Jonny Hughes: ‘Insectageddon’ reveals the scale of the challenge in the UK

The planet is facing a man-made ecological crisis, highlighted by massive declines in insects and other wildlife. Picture: Frank Rumpenhorst/Getty Images
The planet is facing a man-made ecological crisis, highlighted by massive declines in insects and other wildlife. Picture: Frank Rumpenhorst/Getty Images
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The nature conservation movement in Britain has its origins in the later part of the 19th century when the Wild Birds Protection Act was passed in 1872.

Public interest in the protection of wildlife and natural landscapes grew steadily thereafter culminating in establishment of the Royal Society for the Protection of Birds in 1889, the passing of the National Trust Act in 1907 and the formation of the Society for the Protection of Nature Reserves in 1912, which would eventually evolve into the Wildlife Trusts federation. However, it wasn’t until 1960s that the “modern” conservation movement began, largely in response to a dawning realisation that chemical pollution and habitat destruction were becoming widespread, systemic threats.

Today, the RSPB, the Wildlife Trusts and the National Trust have a collective membership of over seven million and own hundreds of thousands of acres of land. We might assume this large and growing conservation movement is making a difference in reversing biodiversity loss. Yet a study published last week in the journal Biological Conservation reported that 40 percent of all insect species are in decline and could become extinct in the coming decades. This follows on from a report from Germany in 2017 where researchers reported insect biomass had declined by more than 75 percent in 63 protected areas over just 27 years.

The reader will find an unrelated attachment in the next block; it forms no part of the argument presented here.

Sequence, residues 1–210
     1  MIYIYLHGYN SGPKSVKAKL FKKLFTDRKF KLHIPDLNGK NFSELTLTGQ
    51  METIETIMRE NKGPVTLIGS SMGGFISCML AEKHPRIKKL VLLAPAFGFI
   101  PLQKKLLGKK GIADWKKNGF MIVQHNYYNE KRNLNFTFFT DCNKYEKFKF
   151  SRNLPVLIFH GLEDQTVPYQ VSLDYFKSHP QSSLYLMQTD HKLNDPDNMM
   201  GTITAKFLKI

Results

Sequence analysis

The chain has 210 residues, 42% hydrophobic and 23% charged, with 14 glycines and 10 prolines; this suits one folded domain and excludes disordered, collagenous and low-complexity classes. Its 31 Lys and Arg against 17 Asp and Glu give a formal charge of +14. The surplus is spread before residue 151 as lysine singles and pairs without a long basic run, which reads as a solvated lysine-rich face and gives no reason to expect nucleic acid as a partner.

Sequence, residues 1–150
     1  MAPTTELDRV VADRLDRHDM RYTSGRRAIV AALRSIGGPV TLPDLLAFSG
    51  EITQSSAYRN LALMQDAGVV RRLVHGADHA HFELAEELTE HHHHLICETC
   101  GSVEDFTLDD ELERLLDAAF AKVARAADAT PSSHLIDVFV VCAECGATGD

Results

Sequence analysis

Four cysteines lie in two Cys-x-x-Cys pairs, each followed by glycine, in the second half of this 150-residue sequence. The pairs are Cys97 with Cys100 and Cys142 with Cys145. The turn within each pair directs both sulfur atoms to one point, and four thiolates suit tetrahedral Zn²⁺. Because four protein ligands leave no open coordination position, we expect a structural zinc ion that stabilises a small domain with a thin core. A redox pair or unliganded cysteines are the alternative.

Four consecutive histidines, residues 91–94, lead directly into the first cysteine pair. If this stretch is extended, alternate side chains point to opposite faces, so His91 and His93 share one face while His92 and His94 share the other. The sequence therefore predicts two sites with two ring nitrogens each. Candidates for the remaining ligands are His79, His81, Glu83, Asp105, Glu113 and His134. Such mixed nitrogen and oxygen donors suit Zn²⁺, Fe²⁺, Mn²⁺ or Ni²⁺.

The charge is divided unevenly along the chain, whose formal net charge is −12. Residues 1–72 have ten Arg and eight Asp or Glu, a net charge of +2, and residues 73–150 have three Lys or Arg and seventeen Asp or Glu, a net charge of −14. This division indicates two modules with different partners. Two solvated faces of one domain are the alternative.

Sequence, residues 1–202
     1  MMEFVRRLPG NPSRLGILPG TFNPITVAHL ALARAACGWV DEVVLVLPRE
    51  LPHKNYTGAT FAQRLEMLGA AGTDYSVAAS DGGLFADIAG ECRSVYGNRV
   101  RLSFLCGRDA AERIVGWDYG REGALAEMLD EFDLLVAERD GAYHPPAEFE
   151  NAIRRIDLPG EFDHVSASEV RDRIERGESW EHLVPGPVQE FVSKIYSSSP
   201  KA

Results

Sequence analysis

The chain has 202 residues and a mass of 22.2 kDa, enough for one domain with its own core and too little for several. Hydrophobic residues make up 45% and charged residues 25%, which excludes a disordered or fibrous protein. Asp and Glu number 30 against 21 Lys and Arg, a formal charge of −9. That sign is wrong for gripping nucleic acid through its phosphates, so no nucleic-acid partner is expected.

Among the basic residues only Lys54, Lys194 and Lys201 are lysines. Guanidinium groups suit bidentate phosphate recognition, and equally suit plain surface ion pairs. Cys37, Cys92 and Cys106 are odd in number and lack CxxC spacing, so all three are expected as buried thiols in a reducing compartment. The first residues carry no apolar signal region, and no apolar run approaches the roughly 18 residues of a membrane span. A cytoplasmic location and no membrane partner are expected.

The causes of these declines are complex and include pesticide use, climate change and the spread of invasive species. The implications of this so called “insectageddon” are unclear but are likely to include disruption of the functioning of the ecosystems on which we humans depend on for our food, medicines and shelter. So has the nature conservation movement failed in its mission over the past century? All the available biological indicators would suggest so. In addition to insects, several other species groups are declining. Seabirds in Scotland are down 62 per cent since 1982 and a staggering 97 per cent of wildflower-rich meadows have been lost in Britain in the past 100 years. On the face of it then, conservation charities are not delivering on their promises to save nature and need to do a lot better. But before you cancel any subscriptions, consider first where we would be if the conservation movement had never existed. In 2015, researchers attempted to answer this question through an experiment designed to quantify the effect conservation actions have had on the extinction risk of 235 large mammal species across the world. They concluded that without conservation at least 148 species would have deteriorated by one International Union for Conservation of Nature (IUCN) Red List category, including six species that now would be listed as extinct.

The overall decline in the conservation status of the mammals studied would have been nearly eight times worse. So the sixth mass extinction we are currently experiencing would be many times more severe had it not been for the efforts of conservation scientists and campaigners. We may well have already passed a point of no return on climate change and ecosystem collapse without them. The challenge now for nature charities is they need to grow significantly in size, influence and impact and secure much larger sums of money. If they fail to do this it won’t be just nature that suffers, it will be all of us.

l Jonny Hughes is chief executive of the Scottish Wildlife Trust. Follow him on Twitter @JonnyEcology